First off, what kind of vehicle do you even expect to tow a trailer with? Maybe it's not built for something as heavy as a horse trailer, but just those ****ty little tin things that people haul a couch in.

Then, seeing as you are a complete and utter newbie to this, who is going to teach you how to drive with a trailer? Pulling a trailer is a completely different ball of wax then just hooking up and "away we go."

I applaud you for wanting independence, but you have to have the vehicle, the funds, the knowledge or someone to teach you. Being independent but not safe is NOT BETTER than relying on someone else.
     
    04-04-2013, 09:25 PM
  #15
Started
This whole thing sounds like a recipe for disaster. If between yourself, boyfriend, and any family and adults can't figure out gooseneck/bumper pull, I'm honestly scared to know someone like this may be on the road with others. There's a lot of things to consider when towing a trailer. Hitch capacity, heck ball size, brakes, lights, vehicle ability, hitch safety mechanisms, and that's not even considering the driving end if things. I have to be licensed and I am, to drive doubles, triples, tankers, hazmat but any average joe with the $$ to buy a trailer can can hitch up a wagon and roll. Just don't seem safe for anyone. I'll shut up now. Please find someone knowledgable to teach you and for now stop looking for trailers before someone gets hurt.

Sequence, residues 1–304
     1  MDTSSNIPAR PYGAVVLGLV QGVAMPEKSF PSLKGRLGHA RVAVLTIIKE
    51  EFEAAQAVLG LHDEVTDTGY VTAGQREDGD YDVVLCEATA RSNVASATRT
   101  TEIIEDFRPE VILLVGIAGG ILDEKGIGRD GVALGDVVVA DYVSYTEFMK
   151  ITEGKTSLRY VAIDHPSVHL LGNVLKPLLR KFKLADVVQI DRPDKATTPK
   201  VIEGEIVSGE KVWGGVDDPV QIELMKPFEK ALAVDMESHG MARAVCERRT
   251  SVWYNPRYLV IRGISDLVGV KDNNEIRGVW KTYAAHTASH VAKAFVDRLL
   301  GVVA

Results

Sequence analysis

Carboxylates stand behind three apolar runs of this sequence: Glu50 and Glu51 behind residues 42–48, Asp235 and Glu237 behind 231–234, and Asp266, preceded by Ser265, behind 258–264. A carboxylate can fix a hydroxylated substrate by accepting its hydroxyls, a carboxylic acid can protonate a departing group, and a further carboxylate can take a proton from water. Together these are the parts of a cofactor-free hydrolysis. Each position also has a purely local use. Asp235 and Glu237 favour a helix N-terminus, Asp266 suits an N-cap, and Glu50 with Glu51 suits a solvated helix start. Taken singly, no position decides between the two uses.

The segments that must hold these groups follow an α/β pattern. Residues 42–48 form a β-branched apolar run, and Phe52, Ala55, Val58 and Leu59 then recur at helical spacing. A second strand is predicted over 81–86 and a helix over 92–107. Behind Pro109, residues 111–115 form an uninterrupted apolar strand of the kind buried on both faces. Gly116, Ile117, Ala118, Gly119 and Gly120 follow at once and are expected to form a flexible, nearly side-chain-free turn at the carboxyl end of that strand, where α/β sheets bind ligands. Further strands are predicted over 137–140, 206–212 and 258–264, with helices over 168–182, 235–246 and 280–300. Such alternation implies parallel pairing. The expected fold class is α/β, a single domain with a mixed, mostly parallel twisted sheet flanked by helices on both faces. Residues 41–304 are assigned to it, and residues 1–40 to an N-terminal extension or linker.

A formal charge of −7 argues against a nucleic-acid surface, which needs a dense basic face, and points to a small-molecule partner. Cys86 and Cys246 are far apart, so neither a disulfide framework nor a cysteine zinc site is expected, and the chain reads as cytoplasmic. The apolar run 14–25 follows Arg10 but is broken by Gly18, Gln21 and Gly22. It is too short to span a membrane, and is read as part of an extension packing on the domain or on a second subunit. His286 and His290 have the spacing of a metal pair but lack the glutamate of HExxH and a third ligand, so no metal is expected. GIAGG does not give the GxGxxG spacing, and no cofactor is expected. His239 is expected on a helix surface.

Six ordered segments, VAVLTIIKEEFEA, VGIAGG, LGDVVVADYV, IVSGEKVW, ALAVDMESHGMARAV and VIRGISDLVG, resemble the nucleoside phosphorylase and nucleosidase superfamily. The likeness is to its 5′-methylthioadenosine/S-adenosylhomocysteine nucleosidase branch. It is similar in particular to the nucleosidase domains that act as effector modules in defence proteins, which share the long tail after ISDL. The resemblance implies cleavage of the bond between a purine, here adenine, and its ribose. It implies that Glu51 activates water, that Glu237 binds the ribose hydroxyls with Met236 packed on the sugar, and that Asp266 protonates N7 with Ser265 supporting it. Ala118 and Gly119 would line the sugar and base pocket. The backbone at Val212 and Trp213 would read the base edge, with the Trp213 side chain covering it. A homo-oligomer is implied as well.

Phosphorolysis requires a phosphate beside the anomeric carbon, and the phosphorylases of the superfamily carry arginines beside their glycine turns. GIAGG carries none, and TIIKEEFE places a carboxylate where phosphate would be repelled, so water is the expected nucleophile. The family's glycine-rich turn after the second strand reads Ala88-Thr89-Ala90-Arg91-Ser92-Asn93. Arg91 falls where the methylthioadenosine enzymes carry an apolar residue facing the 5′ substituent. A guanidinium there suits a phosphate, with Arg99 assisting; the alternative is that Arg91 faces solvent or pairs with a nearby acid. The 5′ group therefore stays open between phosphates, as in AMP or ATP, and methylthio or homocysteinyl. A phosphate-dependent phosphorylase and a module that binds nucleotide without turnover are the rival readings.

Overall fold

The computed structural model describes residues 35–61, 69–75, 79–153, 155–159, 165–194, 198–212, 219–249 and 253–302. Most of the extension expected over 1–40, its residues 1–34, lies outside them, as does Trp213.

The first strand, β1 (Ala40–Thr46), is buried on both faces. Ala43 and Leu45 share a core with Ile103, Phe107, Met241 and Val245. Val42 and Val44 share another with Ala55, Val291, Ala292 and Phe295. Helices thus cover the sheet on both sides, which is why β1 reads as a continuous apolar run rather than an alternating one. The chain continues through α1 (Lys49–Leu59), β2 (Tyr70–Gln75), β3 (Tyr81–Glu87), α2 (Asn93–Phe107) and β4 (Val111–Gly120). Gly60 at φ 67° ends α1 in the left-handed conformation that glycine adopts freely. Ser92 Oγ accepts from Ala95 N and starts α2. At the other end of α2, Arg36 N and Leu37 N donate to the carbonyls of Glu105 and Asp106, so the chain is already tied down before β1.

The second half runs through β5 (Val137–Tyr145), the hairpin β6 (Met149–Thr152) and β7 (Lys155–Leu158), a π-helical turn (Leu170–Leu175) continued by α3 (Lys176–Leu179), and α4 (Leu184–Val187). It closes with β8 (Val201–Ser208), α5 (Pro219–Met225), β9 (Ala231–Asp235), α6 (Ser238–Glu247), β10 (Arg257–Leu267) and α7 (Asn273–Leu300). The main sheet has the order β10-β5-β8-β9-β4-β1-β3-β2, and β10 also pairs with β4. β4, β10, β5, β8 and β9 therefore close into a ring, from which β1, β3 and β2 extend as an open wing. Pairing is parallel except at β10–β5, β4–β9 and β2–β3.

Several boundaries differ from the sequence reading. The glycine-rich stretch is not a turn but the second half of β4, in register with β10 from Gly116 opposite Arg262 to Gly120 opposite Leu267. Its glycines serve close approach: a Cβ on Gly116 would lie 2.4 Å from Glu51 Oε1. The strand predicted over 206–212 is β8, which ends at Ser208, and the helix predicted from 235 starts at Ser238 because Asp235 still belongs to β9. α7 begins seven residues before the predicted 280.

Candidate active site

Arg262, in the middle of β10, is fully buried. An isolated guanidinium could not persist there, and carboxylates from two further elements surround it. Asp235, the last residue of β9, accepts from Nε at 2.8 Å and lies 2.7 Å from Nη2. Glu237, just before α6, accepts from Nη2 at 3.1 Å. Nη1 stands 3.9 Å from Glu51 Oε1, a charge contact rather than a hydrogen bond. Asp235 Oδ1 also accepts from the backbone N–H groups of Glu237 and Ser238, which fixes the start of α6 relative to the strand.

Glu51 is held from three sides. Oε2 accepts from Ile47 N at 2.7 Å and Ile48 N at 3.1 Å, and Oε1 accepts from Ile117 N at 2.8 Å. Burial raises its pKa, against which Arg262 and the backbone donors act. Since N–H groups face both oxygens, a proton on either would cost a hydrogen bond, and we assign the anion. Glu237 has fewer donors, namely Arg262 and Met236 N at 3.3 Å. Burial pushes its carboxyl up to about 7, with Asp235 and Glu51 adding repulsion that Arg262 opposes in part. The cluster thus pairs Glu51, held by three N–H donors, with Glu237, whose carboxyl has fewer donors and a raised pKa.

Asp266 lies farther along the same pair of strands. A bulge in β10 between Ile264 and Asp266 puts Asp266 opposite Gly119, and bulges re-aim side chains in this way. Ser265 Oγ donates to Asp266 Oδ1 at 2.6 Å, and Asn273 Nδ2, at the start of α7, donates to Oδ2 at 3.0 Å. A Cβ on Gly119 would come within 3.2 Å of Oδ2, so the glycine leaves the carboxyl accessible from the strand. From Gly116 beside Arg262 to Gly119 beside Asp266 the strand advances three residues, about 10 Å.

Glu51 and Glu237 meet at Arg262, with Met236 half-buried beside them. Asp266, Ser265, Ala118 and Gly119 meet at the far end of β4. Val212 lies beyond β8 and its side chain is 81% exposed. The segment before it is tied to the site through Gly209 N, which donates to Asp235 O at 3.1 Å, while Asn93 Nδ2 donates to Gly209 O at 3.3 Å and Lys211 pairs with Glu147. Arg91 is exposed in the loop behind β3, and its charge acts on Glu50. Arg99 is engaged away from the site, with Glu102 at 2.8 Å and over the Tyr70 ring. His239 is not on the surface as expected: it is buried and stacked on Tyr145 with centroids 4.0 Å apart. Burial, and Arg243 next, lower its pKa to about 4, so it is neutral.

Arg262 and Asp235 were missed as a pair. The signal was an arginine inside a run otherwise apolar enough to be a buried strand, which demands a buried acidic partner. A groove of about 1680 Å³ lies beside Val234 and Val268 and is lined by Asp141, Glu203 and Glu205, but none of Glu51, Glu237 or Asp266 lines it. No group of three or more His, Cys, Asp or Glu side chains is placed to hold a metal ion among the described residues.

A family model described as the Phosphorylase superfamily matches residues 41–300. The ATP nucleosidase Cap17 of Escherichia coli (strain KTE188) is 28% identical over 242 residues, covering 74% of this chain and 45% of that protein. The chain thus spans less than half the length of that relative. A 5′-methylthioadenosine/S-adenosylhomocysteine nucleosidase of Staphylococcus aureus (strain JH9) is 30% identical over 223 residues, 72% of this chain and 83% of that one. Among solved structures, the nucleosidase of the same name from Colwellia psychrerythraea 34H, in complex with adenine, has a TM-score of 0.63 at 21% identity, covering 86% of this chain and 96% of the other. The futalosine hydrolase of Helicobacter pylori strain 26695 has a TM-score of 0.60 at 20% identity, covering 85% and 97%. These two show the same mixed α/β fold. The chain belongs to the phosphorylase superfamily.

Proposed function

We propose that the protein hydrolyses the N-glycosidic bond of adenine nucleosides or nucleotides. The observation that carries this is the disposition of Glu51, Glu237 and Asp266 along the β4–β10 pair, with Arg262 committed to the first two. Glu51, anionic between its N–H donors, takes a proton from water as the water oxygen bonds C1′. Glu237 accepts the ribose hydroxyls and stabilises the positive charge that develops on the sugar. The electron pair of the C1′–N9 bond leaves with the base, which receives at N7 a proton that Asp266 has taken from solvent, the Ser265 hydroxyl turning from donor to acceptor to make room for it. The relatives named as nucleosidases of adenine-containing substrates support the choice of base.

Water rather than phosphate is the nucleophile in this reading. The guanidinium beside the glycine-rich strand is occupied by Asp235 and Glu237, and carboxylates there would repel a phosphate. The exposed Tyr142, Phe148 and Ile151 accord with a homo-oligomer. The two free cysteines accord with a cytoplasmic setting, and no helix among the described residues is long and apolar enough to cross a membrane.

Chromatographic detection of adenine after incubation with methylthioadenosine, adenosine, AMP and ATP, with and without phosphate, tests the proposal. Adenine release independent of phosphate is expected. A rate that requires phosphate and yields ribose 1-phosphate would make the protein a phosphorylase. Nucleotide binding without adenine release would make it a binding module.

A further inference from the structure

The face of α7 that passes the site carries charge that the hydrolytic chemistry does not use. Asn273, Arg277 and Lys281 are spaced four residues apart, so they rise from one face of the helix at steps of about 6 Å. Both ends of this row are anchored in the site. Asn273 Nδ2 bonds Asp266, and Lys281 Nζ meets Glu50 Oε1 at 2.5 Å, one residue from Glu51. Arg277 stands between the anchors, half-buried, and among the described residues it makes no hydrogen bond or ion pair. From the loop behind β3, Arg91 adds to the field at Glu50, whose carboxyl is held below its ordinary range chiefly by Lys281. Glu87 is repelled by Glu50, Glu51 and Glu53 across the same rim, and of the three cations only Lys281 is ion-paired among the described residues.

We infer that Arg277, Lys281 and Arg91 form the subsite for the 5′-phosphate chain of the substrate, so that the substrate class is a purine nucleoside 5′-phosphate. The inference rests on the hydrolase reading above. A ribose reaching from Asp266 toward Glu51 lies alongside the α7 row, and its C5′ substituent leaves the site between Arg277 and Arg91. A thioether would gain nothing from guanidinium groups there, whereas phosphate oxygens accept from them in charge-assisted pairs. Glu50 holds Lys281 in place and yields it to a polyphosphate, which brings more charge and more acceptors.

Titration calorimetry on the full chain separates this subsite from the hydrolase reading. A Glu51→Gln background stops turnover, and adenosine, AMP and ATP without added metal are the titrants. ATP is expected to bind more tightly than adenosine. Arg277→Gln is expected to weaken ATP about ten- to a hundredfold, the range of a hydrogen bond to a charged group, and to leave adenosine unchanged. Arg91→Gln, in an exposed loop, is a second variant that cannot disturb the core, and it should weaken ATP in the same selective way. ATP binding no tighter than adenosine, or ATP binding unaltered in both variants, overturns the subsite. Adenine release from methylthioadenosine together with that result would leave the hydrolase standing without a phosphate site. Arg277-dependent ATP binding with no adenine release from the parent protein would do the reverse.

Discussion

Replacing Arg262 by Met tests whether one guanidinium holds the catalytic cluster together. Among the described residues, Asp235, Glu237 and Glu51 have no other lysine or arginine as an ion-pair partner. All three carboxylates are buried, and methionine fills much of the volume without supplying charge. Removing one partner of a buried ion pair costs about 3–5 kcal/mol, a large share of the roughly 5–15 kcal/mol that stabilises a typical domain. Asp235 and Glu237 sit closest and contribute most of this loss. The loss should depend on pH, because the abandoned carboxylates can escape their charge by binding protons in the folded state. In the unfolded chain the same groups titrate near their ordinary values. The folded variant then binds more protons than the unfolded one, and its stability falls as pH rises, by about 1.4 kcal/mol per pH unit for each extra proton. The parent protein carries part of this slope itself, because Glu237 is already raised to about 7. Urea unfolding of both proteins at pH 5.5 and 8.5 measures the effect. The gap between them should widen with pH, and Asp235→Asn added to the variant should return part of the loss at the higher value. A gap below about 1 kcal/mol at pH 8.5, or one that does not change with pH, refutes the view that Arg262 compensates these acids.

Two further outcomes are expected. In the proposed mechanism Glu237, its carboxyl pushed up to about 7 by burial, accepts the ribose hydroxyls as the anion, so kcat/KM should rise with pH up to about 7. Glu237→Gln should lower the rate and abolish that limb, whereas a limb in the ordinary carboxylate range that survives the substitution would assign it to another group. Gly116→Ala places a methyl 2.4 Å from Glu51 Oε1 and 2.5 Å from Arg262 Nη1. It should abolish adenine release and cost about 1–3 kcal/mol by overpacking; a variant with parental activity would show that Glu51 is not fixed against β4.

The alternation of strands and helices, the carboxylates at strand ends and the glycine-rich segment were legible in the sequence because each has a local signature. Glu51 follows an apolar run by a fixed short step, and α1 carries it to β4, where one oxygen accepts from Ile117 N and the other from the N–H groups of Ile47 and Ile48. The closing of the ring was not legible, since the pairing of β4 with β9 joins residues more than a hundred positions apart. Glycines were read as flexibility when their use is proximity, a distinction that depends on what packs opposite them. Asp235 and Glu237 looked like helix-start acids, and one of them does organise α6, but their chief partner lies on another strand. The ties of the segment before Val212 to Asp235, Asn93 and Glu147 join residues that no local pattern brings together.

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    04-04-2013, 09:45 PM
  #16
Started
OP there are plenty of bumper pull trailers horse trailers to choose from and your budget will be the decider as to what you purchase. As the others have said, you need to check the towing capacity of the vehicle before you commit yourself.